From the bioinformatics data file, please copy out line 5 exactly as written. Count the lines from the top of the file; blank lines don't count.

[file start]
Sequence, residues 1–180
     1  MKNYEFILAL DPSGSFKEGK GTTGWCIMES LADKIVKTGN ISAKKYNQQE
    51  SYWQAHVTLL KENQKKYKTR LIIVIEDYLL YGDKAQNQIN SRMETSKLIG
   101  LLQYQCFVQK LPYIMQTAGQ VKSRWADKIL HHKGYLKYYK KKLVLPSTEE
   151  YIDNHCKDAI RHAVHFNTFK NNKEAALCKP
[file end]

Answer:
   151  YIDNHCKDAI RHAVHFNTFK NNKEAALCKP